According to doctors living in an apartment complex can put you at a higher risk of contracting a disease. Presently we are dealing with COVID-19, but in reality this holds true for any type of contagious illness.
According to Dr. John Raymond, President and CEO of the Medical College of Wisconsin, “They (people living in apartment complexes) probably are at a bit higher risk.”
The reality is that most persons or a family will not say if they’re sick, and management offices are prohibited from disclosing this information due to privacy laws (if they know to begin with).
COVID-19 like similar corona virus can survive on the surfaces of plastic and metal for days.
In 2003, the Amoy Gardens an apartment block in Hong Kong with approximately 19,000 residents reported 300 confirmed cases and 42 deaths from an outbreak of SARS virus.
Research in cases originating in apartment complexes finds that it can also be transmitted via plumbing systems.
Such organisms can be transmitted between rooms on different floors of a building through the airflow system that helps water to move around the plumbing. Not only were the organisms in the air in rooms, the droplets contaminated surfaces in these rooms and inside the system itself
Three cities that were hit hard by COVID-19 are Wuhan, Milan and New York City. Each is located on a different continent, however they have one thing in common, high-rise living.
Other ways that you can contract an illness while living in an apartment complex is recirculated and inadequately filtered air between units, high-touch surfaces like door knobs and elevator buttons and an inability to maintain social distancing, especially if riding in the same elevator.
Your home is supposed to be your emotional and physical sanctuary, what if it turns out to be the entryway for a life-threatening illness?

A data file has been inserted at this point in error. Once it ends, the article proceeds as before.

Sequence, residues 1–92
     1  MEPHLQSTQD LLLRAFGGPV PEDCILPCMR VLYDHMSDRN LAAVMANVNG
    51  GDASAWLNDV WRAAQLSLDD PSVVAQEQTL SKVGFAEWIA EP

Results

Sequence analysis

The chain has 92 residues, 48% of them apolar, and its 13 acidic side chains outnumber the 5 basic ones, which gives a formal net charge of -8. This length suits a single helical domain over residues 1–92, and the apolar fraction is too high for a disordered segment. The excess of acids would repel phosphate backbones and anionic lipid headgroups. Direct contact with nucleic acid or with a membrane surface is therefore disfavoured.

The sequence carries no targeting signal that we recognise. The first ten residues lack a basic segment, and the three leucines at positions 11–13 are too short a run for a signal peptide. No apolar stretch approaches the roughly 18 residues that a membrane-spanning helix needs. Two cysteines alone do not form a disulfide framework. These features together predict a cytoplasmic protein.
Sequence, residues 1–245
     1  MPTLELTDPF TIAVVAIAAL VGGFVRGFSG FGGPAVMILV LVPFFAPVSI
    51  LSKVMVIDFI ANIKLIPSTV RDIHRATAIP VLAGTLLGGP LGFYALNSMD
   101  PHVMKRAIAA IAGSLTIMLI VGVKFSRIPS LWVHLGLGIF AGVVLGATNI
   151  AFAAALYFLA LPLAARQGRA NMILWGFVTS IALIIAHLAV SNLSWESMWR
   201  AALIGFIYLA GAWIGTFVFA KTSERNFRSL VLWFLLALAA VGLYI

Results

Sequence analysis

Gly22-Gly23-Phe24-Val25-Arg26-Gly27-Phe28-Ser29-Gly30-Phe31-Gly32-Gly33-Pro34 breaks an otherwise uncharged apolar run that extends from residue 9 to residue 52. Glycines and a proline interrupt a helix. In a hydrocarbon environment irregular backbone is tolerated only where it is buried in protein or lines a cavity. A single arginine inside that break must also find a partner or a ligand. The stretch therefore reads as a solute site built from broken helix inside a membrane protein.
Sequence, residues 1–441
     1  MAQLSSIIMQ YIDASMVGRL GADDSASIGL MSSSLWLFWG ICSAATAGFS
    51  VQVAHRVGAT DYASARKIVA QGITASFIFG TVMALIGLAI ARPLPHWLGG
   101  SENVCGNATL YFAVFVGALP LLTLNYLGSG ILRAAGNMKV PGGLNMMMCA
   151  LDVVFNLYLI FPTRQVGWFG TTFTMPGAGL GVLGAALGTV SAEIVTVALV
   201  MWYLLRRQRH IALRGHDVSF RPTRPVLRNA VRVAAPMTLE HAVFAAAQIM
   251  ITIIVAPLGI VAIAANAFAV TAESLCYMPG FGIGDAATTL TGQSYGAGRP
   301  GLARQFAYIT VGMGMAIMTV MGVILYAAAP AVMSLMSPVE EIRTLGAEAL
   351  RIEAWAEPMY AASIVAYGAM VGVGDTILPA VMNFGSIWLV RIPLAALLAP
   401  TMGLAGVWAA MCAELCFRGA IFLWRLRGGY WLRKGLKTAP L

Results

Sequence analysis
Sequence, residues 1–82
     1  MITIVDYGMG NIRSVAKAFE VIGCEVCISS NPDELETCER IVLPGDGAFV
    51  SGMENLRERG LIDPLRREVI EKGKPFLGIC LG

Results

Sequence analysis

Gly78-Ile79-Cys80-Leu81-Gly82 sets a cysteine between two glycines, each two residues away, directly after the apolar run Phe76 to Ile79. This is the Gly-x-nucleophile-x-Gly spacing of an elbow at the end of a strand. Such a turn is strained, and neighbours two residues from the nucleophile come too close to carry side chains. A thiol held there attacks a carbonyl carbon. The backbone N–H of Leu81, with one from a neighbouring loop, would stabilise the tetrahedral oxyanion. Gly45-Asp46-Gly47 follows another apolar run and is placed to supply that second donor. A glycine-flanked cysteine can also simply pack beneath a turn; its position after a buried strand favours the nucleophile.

There will probably be city dwellers, especially those living in apartment complexes that are eyeing suburbs or the closet small town as their next home. With medical experts predicting another round of Covid-19 later this year, there is a sense of urgency in migrating away from areas where people are living so close together.
If you have young children, or plan to have some soon it make sense to put this plan into action. Sitting inside your apartment all day allows you plenty of time to make decisions and develop a viable plan to make this change a reality. It’s about trading in the elevator for a back yard.
Is there an in-between alternative. Yes, you can move to an apartment complex with a limited amount of units out in the suburbs which is more common. Perhaps one with a total of two or three stories, where you can use the stairs if necessary.
No doubt there will be those that decide to move out even further to rural areas or a scenic state. One could argue that rural areas are medically ill-prepared for a spike in an infection rate, but one only has to look at New York City which was woefully unprepared from providing PPE and having facilities ready despite being one of the wealthiest and populated cities in the world.
Another byproduct of the Covid-19 situation is that companies are realizing that their employees can complete their job just as well from home as from an office building, thereby saving them money to house employees while they work.
With city governments extending the date of lifting rules against opening businesses and citizens being able to carry on with their lives, there are many that while going stir-crazy, decide, “Never again!” and start perusing the internet for real estate companies.
Sources EmergInfDis - CBS58
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